Expert Tips: How to Put Incomplete Degree on Resume

Matt Glodz
Expert Tips: How to Put Incomplete Degree on Resume

Should You Mention an Incomplete Degree on Your Resume?

We have worked with several executives who do not hold a college degree – or who started a post-graduate degree and never completed it.

If you are in a similar position, rest assured that an incomplete degree is not a deal-breaker if you have relevant professional experience.

In this article, we explain how to present your incomplete degree in a way that builds your credibility while avoiding red flags.

We also provide an example of an effective way to do so.

To put your incomplete degree on your resume, follow the steps below:

1) Add an Education Section

We advise including any education on your resume, even if it isn’t a full degree - especially if you are still in the early stages of your career.

2) Be Transparent About What You Studied

You shouldn’t list “Bachelor of Arts in English” on your resume, for example, if you did not earn the degree.

Recruiters perceive such an approach to be misleading, which could significantly harm your chances of landing a job.

However, there is an easy way to approach this situation by adding “coursework toward” in front of the degree you were pursuing.

By saying that you completed “Coursework toward a Bachelor of Arts in English” instead, you make it clear that you have completed college-level courses but are not implying that you have earned the degree.

3) Include the Dates You Completed Your Studies

For each degree listed in the education section, it is a resume writing convention to only include the date you completed the degree.

If you did not complete the degree, list both the months and years you studied at the university, for the avoidance of doubt.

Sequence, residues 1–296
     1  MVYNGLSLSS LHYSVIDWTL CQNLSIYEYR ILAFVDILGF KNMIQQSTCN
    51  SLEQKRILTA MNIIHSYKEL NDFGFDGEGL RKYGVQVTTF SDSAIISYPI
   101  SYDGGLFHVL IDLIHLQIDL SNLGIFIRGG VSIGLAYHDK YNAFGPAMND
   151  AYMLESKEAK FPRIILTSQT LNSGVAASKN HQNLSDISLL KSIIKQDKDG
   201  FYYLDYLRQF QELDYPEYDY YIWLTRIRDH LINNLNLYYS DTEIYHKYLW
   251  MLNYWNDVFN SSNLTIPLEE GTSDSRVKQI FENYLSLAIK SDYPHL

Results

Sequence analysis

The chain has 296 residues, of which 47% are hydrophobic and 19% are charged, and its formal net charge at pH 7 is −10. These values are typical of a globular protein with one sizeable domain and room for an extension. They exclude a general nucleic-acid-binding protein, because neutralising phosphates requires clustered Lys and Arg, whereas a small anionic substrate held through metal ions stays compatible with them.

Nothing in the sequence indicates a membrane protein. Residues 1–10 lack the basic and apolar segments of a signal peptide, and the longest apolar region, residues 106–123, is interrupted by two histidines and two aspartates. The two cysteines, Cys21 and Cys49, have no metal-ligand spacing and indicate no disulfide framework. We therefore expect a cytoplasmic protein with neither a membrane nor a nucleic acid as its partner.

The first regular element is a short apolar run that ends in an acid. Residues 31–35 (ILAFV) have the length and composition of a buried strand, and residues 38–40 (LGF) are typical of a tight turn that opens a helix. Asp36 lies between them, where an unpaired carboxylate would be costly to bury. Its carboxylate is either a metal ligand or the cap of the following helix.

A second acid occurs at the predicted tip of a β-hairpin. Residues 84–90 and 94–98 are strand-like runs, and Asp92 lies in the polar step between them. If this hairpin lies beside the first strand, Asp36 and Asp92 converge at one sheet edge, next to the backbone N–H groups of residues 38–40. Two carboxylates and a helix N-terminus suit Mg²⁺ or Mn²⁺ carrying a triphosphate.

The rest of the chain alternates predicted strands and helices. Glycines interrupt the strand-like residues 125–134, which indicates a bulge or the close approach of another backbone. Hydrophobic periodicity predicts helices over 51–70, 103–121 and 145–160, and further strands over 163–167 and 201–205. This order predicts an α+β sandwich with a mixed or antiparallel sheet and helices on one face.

Example Listing

A sample entry under the education section for an applicant who only completed two years of college would be:

The University of Illinois at Chicago | Chicago, Illinois

Coursework toward Bachelor of Science in Management | August 2016 – September 2018

  • Courses included: Finance, Accounting, Microeconomics, Organizational Behavior, Managerial Consulting, Marketing and Sales Channels, Human Resource Management

In Summary

To list an educational experience on your resume, you do not need to have earned a degree from the institution.

As long as you’re honest and not misrepresenting any information, you should still include your education to help build your credibility – even if you only took a few courses.

Most importantly, don’t spend too much time thinking about whether the fact that you don’t hold a college degree will hold you back in your career.

From our experience, the further along you are in your career, the less weight your college degree tends to hold.

Additional Reading

About Resume Pilots

Resume Pilots is an award-winning executive resume writing, career coaching, and outplacement firm. Our previous clients include CEOs and senior executives at the world's leading companies.

Here's how we can help you:

Resume, Cover Letter, and LinkedIn Writing: After a one-hour phone consultation, one of our expert writers will prepare your top-quality personal marketing materials from scratch. 

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Career Transitions: A powerful combination of our document writing and career coaching services helps position you to secure a new role.

To learn more, book an introductory call here or email

We're a proud member of the Professional Association of Resume Writers and Career Coaches. All of our writers have studied in the Ivy League and other top-tier universities and have solid industry experience.

About the AuthorMatt Glodz

Matt Glodz is the Founder and Managing Partner of Resume Pilots and a Certified Professional Resume Writer.

After studying business communication at Cornell University, Matt worked within Fortune 500 companies, where he noted that qualified candidates were frequently denied interview opportunities due to poorly written documents.

At Resume Pilots, Matt combines his business and writing background - which includes prior work for a Chicago Tribune publication - to craft resumes that give his clients the best chance of landing interviews. He works with clients ranging from CEOs to recent graduates and has been writing resumes for over eight years.

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